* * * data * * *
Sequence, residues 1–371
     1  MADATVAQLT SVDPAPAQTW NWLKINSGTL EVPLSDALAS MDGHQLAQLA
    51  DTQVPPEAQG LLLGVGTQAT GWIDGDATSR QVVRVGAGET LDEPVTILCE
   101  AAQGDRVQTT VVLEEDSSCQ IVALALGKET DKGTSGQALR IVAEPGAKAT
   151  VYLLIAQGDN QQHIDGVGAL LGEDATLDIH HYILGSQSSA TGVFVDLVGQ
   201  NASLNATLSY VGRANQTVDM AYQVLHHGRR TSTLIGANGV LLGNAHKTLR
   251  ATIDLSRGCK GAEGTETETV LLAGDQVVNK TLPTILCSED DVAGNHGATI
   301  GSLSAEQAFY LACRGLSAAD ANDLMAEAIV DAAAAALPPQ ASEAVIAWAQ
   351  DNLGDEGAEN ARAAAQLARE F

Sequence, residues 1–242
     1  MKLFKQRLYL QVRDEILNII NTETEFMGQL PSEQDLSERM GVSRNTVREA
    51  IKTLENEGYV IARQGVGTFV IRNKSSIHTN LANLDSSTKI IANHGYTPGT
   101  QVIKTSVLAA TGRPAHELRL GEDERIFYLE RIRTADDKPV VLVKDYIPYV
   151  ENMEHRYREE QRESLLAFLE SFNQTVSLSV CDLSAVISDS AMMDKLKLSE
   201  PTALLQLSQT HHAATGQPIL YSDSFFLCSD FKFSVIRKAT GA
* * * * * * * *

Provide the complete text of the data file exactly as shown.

Sequence, residues 1–371
     1  MADATVAQLT SVDPAPAQTW NWLKINSGTL EVPLSDALAS MDGHQLAQLA
    51  DTQVPPEAQG LLLGVGTQAT GWIDGDATSR QVVRVGAGET LDEPVTILCE
   101  AAQGDRVQTT VVLEEDSSCQ IVALALGKET DKGTSGQALR IVAEPGAKAT
   151  VYLLIAQGDN QQHIDGVGAL LGEDATLDIH HYILGSQSSA TGVFVDLVGQ
   201  NASLNATLSY VGRANQTVDM AYQVLHHGRR TSTLIGANGV LLGNAHKTLR
   251  ATIDLSRGCK GAEGTETETV LLAGDQVVNK TLPTILCSED DVAGNHGATI
   301  GSLSAEQAFY LACRGLSAAD ANDLMAEAIV DAAAAALPPQ ASEAVIAWAQ
   351  DNLGDEGAEN ARAAAQLARE F

Sequence, residues 1–242
     1  MKLFKQRLYL QVRDEILNII NTETEFMGQL PSEQDLSERM GVSRNTVREA
    51  IKTLENEGYV IARQGVGTFV IRNKSSIHTN LANLDSSTKI IANHGYTPGT
   101  QVIKTSVLAA TGRPAHELRL GEDERIFYLE RIRTADDKPV VLVKDYIPYV
   151  ENMEHRYREE QRESLLAFLE SFNQTVSLSV CDLSAVISDS AMMDKLKLSE
   201  PTALLQLSQT HHAATGQPIL YSDSFFLCSD FKFSVIRKAT GA